- In an early build of the game, the name of New Bark Town was going to be Silent Hills.
- Each town and city in Johto has an alternate map in the games' ROM with different layouts than the the final product. There is also a map for a town or city located in the Lake of Rage, complete with its own Gym.
- In an "Iwata Asks" interview, it was confirmed that Gold & Silver were intended to be the last installments in the series, as the developers felt that they were too much of a Tough Act to Follow.
- Staryu and Starmie may have been originally intended to have genders, as Staryu has Egg Moves programmed for it and both are able to be taught Attract (a move that only works if the user and target have opposite genders) in these games only.
- A string of text in the ROM suggests that the Honey Tree mechanic that debuts in Pokémon Diamond and Pearl was originally intended for these games.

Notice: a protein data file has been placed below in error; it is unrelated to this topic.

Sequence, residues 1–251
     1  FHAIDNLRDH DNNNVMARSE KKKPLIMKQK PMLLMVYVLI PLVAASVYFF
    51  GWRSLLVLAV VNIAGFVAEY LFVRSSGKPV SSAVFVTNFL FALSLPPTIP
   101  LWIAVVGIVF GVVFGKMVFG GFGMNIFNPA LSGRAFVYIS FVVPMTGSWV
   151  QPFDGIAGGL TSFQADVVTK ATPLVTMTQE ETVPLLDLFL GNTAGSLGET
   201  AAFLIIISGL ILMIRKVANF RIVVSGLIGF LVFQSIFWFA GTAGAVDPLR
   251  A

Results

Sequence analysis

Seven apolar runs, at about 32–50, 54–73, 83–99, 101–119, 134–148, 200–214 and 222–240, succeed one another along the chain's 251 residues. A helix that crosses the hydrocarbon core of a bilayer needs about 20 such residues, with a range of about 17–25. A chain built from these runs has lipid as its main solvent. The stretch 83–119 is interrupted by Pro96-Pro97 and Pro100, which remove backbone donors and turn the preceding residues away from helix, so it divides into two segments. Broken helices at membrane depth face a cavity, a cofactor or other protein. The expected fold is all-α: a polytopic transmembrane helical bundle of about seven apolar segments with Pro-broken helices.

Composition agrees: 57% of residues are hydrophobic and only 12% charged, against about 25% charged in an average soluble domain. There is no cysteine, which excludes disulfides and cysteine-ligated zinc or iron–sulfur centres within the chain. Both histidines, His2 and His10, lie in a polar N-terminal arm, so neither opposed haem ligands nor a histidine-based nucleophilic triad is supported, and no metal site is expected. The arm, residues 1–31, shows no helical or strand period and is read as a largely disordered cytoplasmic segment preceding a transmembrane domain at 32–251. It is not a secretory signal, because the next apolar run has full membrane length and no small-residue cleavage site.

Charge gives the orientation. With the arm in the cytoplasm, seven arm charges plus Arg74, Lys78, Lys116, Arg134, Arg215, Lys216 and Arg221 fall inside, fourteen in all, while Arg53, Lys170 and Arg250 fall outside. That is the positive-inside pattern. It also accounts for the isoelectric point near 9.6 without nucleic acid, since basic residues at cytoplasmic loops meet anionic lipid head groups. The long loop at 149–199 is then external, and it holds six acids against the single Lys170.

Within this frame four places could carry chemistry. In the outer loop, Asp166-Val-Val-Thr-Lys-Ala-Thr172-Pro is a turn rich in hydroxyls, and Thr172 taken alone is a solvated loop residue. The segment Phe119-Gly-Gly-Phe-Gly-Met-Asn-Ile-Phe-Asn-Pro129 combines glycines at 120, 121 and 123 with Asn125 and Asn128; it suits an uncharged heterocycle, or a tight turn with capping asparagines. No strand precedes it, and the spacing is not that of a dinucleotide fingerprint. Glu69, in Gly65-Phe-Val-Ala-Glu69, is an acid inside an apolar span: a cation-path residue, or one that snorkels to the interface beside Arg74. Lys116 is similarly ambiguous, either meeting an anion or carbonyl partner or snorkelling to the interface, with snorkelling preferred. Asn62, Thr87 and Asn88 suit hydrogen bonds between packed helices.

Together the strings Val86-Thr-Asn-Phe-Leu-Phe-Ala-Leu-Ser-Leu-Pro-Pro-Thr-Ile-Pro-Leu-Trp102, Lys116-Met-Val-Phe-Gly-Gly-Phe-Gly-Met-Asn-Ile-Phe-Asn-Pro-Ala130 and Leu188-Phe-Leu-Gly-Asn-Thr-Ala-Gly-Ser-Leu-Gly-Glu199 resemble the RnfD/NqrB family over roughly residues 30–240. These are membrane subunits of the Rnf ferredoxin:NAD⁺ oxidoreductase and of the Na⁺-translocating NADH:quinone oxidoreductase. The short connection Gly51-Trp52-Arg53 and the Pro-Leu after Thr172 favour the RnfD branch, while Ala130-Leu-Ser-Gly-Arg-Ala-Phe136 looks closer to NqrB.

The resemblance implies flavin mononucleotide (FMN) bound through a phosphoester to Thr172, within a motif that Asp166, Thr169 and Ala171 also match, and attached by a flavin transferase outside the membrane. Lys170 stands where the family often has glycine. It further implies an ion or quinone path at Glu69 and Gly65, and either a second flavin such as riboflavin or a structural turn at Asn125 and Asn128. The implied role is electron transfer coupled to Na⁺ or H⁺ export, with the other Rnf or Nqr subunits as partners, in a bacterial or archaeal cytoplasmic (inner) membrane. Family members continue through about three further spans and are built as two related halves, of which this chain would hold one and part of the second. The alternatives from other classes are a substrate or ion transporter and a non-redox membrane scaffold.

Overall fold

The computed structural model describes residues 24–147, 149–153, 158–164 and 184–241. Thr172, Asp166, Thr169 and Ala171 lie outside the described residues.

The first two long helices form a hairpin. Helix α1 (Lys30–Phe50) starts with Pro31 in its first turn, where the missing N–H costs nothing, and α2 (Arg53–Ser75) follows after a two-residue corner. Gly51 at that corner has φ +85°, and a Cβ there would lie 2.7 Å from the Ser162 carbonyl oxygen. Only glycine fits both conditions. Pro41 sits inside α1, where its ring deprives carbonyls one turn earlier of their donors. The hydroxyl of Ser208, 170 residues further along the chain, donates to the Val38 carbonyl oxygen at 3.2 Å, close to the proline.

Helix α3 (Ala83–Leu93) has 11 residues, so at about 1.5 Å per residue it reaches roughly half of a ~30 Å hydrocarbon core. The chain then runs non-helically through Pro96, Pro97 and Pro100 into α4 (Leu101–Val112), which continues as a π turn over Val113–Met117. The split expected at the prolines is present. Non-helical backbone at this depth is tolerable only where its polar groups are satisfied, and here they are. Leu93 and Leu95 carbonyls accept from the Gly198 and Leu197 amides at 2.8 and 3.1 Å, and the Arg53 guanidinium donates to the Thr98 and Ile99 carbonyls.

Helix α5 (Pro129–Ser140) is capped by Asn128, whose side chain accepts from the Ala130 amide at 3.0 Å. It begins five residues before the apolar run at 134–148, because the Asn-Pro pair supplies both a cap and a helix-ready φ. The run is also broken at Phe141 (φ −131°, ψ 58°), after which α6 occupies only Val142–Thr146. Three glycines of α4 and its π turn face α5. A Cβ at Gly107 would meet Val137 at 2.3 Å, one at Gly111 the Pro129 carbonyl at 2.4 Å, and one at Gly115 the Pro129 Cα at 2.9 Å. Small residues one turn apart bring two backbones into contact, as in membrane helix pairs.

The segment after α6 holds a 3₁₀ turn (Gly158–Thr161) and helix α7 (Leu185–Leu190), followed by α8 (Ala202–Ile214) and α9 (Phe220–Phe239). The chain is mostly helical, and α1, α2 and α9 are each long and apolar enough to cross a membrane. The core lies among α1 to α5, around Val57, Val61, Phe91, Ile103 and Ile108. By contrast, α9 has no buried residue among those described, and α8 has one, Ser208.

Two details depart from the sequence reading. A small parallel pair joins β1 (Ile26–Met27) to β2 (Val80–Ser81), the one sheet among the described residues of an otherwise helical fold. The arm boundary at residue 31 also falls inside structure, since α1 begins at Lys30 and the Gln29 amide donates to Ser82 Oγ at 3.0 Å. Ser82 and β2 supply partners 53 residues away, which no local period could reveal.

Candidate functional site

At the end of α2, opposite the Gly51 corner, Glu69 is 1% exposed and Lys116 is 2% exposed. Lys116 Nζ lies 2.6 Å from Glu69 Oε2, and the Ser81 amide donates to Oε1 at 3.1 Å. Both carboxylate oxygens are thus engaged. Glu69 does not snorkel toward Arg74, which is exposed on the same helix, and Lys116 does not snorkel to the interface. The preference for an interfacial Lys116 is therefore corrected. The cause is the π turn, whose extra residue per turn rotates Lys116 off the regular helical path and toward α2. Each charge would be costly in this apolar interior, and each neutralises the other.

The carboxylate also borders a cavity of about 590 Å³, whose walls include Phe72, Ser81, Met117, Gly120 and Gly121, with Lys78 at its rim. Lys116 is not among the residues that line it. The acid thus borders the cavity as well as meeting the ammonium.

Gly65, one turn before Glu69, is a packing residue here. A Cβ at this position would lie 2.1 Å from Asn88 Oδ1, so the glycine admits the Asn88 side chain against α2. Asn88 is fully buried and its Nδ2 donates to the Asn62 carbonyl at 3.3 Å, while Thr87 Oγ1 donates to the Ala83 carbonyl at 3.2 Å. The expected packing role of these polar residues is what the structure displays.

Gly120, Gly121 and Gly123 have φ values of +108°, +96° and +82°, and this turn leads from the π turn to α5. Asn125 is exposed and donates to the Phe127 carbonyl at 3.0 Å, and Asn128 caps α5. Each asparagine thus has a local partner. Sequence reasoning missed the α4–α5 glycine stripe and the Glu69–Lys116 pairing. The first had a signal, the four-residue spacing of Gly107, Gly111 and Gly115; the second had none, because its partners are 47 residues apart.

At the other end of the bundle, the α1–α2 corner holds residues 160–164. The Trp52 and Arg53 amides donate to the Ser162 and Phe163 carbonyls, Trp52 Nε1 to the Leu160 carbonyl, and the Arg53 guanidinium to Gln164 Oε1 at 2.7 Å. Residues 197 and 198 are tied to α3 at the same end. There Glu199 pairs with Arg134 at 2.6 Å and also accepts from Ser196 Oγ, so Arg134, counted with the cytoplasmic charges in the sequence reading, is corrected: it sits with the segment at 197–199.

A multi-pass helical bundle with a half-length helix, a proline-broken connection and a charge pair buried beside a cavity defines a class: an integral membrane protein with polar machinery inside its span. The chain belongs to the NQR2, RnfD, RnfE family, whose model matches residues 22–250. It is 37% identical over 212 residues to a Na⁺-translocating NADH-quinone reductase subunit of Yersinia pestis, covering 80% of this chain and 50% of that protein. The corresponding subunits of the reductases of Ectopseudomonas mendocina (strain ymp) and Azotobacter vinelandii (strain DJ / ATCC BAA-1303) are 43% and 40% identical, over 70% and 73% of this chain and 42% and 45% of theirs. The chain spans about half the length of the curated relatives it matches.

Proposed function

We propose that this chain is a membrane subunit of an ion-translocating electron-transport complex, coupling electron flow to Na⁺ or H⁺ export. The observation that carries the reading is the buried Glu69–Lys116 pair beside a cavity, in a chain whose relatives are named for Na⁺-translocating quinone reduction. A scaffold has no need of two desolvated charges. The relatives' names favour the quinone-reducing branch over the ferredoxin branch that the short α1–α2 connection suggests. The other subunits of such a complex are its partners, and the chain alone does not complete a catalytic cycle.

- The original Water and Fire starters were completely different creatures. The fire starter was a rodent-looking Pokemon called Honoguma instead of Cyndaquil and the water-type was a seal-looking Cartoon Creature named Kurusu instead of Totodile. Happa was a very early version of Chikorita with a less refined design.
- An image from the magazine MicroGroup Game Review shows unused designs for 2 Pokémon; a turtle that resembles Tirtouga from Pokémon Black and White and what can only be described as a Hitmontop and Clefairy hybrid (with elements of the later Pokémon Spoink). It also shows that Tyranitar was going to be brown instead of green.
- Pre-release material promised a skateboard item (separate from the bike) that would be allow access to new areas.
- Updated maps for Cinnabar Island's Pokémon Lab are in the data (though they have no event data), indicating that the island was originally going to return unchanged.
- There's an unused script for an encounter with a Level 40 Entei, implying that it (and possibly Raikou and Suicune) was originally intended to be found in a static spot instead of randomly roaming around Johto.
- ↑ Nintendo, (October 18, 2000) "Game Boy Release Dates"